Kate Chisholm

One day in November

Plus: it might seem counterintuitive but programmes about art on radio often work really well

The weather was ‘treacherous’ on Saturday, 23 November 2013, the day chosen randomly by Gary Younge as the focus for his latest book, Another Day in the Death of America. As he described it, a ‘Nordic outbreak’ of snow, rain and high winds swept across the desert states and up into the northern plains. It was for many Americans a winter’s day like many others but for ten families a shot rang out sometime during those 24 hours and their lives changed for ever. Not that these ten disparate events made the national news. Death by gunshot is so commonplace in the USA that not even when those who died are so young is it considered worth highlighting, remembering, bewailing.

On average, seven young people die every day in the USA from gunshot wounds; firearms are the leading cause of death among black children under the age of 19, reported Younge. A black British journalist who writes for the Guardian, he decided to breathe life into these statistics, make them real, simply by finding out who the victims were on that day in November, how they were killed, why they were shot, who was left behind to mourn. His style is direct, unfussy, straight to the point, and made for an urgent, thought-provoking start to the day for Radio 4’s Book of the Week (produced by Hannah Marshall).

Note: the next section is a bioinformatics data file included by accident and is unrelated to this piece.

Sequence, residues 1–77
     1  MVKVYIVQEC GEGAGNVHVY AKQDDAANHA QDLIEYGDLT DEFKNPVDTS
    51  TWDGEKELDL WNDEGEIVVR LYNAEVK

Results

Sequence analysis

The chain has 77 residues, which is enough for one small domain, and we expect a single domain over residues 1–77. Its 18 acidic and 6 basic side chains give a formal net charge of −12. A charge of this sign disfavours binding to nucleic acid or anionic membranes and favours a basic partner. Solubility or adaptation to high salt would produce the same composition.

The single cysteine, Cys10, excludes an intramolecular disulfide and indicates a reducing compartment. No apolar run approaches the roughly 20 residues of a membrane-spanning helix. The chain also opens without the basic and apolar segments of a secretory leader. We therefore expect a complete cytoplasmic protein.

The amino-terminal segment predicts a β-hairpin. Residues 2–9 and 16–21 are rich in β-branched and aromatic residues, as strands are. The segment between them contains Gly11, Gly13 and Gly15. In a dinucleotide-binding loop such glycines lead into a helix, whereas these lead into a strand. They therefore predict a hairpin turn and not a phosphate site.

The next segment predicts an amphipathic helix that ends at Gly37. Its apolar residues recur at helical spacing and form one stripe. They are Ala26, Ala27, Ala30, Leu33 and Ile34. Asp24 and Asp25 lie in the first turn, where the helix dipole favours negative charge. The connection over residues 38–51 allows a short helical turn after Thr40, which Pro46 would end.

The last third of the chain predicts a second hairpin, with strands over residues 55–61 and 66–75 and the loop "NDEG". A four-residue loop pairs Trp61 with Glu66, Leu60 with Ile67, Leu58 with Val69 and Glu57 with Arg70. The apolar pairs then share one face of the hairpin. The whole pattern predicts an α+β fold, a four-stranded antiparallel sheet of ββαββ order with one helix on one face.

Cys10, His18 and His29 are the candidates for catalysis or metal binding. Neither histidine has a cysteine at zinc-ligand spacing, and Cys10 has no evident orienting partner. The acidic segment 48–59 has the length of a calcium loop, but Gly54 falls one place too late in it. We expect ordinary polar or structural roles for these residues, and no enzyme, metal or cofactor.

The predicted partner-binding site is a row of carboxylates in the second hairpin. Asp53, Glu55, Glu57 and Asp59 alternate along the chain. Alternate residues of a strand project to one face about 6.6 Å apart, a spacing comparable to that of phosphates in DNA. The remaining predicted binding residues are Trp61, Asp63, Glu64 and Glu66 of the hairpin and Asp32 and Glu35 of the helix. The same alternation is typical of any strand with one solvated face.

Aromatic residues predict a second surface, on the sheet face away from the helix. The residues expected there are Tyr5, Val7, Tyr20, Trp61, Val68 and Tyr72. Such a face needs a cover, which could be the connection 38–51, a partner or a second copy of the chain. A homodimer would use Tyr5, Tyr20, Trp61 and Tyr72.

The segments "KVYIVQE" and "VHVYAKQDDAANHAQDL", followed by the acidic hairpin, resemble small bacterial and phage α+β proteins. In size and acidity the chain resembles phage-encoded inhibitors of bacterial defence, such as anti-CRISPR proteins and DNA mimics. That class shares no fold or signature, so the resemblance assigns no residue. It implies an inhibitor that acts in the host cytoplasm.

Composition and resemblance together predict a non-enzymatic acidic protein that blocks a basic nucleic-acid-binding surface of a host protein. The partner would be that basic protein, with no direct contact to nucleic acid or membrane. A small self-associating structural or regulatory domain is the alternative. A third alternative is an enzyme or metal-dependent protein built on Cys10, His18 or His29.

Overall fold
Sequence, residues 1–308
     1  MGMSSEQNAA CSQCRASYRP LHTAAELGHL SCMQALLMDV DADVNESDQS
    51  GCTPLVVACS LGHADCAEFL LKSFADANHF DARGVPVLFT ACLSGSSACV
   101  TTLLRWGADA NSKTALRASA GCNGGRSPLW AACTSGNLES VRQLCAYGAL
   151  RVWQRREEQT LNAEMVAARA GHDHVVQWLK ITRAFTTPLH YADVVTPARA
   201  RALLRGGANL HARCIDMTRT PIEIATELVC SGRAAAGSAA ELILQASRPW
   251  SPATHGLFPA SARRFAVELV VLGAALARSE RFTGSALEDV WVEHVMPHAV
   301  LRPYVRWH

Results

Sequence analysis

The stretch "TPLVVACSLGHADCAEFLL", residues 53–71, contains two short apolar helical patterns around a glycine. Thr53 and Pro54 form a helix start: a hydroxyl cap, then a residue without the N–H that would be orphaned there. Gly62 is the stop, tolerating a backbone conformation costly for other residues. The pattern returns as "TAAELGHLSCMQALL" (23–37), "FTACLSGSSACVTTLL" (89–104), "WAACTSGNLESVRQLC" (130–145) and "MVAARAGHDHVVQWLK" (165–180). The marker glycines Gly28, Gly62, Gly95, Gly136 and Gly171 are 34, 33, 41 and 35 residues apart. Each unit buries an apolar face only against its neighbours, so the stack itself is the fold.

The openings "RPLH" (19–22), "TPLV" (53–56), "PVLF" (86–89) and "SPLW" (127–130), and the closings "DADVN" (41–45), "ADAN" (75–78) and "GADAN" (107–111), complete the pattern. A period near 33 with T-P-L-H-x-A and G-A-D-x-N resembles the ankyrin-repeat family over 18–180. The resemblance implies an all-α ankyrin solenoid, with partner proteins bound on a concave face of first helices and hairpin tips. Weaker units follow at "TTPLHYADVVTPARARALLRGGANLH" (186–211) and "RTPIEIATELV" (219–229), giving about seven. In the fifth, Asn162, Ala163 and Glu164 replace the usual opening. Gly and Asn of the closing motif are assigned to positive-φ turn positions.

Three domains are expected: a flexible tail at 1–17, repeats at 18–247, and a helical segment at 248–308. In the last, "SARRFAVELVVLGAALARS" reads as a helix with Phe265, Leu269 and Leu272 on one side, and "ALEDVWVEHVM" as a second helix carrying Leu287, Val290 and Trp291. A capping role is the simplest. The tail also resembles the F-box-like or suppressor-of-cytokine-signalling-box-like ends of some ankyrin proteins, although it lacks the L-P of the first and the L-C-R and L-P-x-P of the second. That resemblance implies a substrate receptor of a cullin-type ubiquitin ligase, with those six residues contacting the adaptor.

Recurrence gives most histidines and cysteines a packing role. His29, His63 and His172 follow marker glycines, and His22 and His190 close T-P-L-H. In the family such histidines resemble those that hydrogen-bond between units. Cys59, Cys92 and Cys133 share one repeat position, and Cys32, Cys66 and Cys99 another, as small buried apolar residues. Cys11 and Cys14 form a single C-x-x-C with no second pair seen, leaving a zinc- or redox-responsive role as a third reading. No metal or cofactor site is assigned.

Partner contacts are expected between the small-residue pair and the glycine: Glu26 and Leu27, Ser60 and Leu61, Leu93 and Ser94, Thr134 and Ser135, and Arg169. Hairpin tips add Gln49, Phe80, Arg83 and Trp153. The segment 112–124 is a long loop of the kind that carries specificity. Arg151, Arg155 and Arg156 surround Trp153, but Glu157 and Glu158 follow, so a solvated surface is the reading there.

Jaiden Dixon, for instance, was only nine, one of three sons of a single mother living in a safe, modest suburb of Columbus, Ohio. He didn’t like getting up for school, his mother told Younge, but that morning, he happened to be up and ready at 7.30 when the doorbell rang. It was unusual to have a caller so early but because the area was so quiet and untroubled Jaiden went straight to the door and opened it.

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